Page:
A nation, without a national government, is in my view, an awful spectacle. The establishment of a Constitution, in time of profound peace, by the voluntary consent of the whole people, is a prodigy, to the completion of which I look forward with trembling anxiety. (Alexander Hamilton writing as “Publius” near the end of Federalist Paper No. 85) The U.S. Constitution was ratified on March 4, 1789, and it has survived as the most well-devised government in the history of the world. Many smart poli A nation, without a national government, is in my view, an awful spectacle. The establishment of a Constitution, in time of profound peace, by the voluntary consent of the whole people, is a prodigy, to the completion of which I look forward with trembling anxiety. (Alexander Hamilton writing as “Publius” near the end of Federalist Paper No. 85) The U.S. Constitution was ratified on March 4, 1789, and it has survived as the most well-devised government in the history of the world. Many smart political minds converged to construct it but it was considered so radical that its supporters had to go on the offensive to defend it - this is how and why The Federalist Papers came into fruition. What I learned from “Publius” (the pseudonym of Alexander Hamilton, James Madison, and John Jay) in The Federalist Papers is that the Constitution is malleable and that it is definitely not infallible. As a matter of fact, Hamilton explicitly stated that “I never hope to see a perfect work for imperfect men.” Proof that it is not perfect is that we’ve had numerous tests of the Constitution - ie, The U.S. Civil War, and it has been amended 27 times! Publius’ arguments were sound throughout these papers and the quality and quantity of the output of Publius’ work is really impressive. What the convention devised in the document of the U.S. Constitution was very good, and it had a champion in Publius. I would argue that the Federalist Papers are as important to the U.S. Constitution itself because in the Federalist we get to see the motivations of the convention and why they set up the government like they did. The Constitution’s goals are stated succinctly in the Preamble: We the People of the United States, in Order to form a more perfect Union, establish Justice, insure domestic Tranquility, provide for the common defence, promote the general Welfare, and secure the Blessings of Liberty to ourselves and our Posterity, do ordain and establish this Constitution for the United States of America. 230 years later, I believe we have attained this, and we owe it to those imperfect founding fathers, and Publius. Why should someone read The Federalist Papers today? If you want a refresher of the intentions of the founders and what the true spirit of the U.S. Constitution is, then I recommend this wholeheartedly.

  24. 5 out of 5

    Lisa

    I just finished this book after a long hiatus. It took me awhile to figure out a strategy for reading it, which for me turned out to be reading one chapter a day. Once I approached it that way, I found it to be fascinating, inspiring and eye-opening. Reading it now in the midst of so many debates about the proper role of each of the branches of government as they address domestic and international issues has been very interesting. The thoroughness of the analysis is very impressive. Madison, Jay I just finished this book after a long hiatus. It took me awhile to figure out a strategy for reading it, which for me turned out to be reading one chapter a day. Once I approached it that way, I found it to be fascinating, inspiring and eye-opening. Reading it now in the midst of so many debates about the proper role of each of the branches of government as they address domestic and international issues has been very interesting. The thoroughness of the analysis is very impressive. Madison, Jay and Hamilton had such a wealth of historical knowledge that they brought into their discussions, not just about the forms of various governments (ancient and contemporary), but how those forms played out in particular circumstances. One curious aspect of it though is a strange sort of naivete about the honesty and integrity of individuals who would be filling positions in government. Each of the authors goes to great lengths to describe the checks on less than admirable behavior, but at the same time argues that anyone called to any of these positions would have a certain nobility of character that would ensure acting in the best interests of all the people. Time has shown us over and over again that this is not the case. Even with that small contradictory element, I can't recommend this work more highly--I wish I had read it long ago, and would be interested in a reread of it with other folks.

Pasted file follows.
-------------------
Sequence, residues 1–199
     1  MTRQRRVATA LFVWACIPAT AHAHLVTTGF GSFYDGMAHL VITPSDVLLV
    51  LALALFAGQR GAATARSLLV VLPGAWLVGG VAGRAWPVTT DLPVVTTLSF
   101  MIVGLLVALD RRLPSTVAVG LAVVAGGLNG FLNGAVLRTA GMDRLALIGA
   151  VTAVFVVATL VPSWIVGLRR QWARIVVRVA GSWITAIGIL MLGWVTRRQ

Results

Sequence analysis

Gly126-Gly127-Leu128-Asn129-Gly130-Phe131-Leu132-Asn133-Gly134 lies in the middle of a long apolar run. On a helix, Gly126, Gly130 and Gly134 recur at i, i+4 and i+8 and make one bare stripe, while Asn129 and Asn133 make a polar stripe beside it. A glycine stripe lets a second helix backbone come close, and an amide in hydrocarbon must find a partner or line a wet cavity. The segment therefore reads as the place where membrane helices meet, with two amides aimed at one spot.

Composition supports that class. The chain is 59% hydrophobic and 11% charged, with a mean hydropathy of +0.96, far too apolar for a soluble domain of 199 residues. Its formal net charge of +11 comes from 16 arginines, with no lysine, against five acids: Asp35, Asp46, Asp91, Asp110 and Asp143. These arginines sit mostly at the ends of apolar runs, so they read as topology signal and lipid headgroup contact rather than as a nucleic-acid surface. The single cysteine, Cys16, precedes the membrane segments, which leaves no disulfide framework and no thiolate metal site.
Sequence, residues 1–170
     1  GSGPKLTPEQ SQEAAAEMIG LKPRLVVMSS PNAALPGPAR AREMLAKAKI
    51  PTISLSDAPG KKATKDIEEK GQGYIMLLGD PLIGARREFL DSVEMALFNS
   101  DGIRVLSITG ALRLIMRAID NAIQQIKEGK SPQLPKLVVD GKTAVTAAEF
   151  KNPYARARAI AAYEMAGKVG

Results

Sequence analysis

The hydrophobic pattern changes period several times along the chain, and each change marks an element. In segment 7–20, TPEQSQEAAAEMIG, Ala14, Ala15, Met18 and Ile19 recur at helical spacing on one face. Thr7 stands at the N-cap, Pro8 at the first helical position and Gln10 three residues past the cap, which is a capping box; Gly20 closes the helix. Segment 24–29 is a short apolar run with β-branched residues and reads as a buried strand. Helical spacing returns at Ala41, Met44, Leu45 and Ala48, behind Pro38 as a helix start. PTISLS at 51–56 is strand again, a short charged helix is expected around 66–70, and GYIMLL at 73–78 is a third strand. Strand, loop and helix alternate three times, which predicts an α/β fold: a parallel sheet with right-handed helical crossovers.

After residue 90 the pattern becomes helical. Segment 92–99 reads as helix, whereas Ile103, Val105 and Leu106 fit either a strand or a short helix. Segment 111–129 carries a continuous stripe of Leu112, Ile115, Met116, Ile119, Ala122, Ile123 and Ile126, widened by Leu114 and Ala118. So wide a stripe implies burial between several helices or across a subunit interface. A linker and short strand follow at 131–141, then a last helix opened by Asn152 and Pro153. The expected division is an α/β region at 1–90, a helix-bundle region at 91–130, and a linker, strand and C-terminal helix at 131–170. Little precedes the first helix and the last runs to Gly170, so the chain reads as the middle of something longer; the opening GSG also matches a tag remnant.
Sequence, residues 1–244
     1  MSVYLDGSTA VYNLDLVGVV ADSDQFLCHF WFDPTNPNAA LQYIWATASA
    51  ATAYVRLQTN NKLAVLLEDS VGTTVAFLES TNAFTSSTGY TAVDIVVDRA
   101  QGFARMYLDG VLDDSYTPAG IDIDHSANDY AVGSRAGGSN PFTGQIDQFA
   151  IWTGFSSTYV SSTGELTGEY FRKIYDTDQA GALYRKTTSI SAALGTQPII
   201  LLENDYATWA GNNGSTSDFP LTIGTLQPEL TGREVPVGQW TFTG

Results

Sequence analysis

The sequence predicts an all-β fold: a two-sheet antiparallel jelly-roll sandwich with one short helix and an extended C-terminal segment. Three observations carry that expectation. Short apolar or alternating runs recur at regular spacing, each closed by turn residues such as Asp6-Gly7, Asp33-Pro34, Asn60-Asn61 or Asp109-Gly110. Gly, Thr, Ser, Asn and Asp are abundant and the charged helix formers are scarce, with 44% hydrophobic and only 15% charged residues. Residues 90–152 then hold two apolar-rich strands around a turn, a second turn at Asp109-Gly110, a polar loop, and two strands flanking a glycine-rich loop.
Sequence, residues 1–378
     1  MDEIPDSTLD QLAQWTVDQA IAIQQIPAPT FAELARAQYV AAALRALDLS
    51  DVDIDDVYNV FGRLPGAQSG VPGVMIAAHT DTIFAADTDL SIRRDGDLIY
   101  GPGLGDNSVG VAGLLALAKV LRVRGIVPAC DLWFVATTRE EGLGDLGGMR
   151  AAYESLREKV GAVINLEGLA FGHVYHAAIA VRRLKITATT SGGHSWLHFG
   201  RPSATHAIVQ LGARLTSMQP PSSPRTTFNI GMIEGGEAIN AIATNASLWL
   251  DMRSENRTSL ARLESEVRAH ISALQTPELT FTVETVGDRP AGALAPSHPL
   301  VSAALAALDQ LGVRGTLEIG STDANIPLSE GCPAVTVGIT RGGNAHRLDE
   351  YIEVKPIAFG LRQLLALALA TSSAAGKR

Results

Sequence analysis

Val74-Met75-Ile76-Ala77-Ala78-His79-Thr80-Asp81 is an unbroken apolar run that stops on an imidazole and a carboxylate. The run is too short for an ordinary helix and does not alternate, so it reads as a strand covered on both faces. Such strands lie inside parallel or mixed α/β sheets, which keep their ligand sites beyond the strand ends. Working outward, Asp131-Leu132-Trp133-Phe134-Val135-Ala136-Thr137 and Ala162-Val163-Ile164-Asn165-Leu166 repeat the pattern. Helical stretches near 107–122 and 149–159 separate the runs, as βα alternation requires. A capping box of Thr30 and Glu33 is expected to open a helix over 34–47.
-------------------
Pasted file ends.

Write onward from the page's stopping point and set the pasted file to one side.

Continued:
25. 5 out of 5

    M.E.

    It's an understandable shame that more people don't want to read this. True, it's not all that entertaining. At times, it feels like reading the most boring parts of the Old Testament. It requires a lot from the reader. But it is such an important book to read in order to understand our government and why it was structured the way it was. And ultimately, it was structured the way it was in order to protect the people's liberties. Therefore, if we don't understand this, our liberties are at risk. It's an understandable shame that more people don't want to read this. True, it's not all that entertaining. At times, it feels like reading the most boring parts of the Old Testament. It requires a lot from the reader. But it is such an important book to read in order to understand our government and why it was structured the way it was. And ultimately, it was structured the way it was in order to protect the people's liberties. Therefore, if we don't understand this, our liberties are at risk. And personally, I think that preserving our liberties is worth going through a few hundred pages of prose that is slightly less gripping than a Dan Brown novel. It only took me about a month to finish this book only reading it on one way of my subway trip every day. I don't think that that is too much to ask. Also, its unbelievable that it took 500 pages of explanation in order to get 11 pages of legislation (the Constitution) passed. The advocates for the Constitution left no stone unturned as they justified its adoption. These days, it seems like politicians are only willing to provide 11 pages of explanation to get 500 pages of legislation passed. They demand that our representatives vote on bills in order to get the chance to read them. We should learn something from the past and demand the same amount of explanation that our Founding Fathers demanded from Hamilton, Madison, and Jay.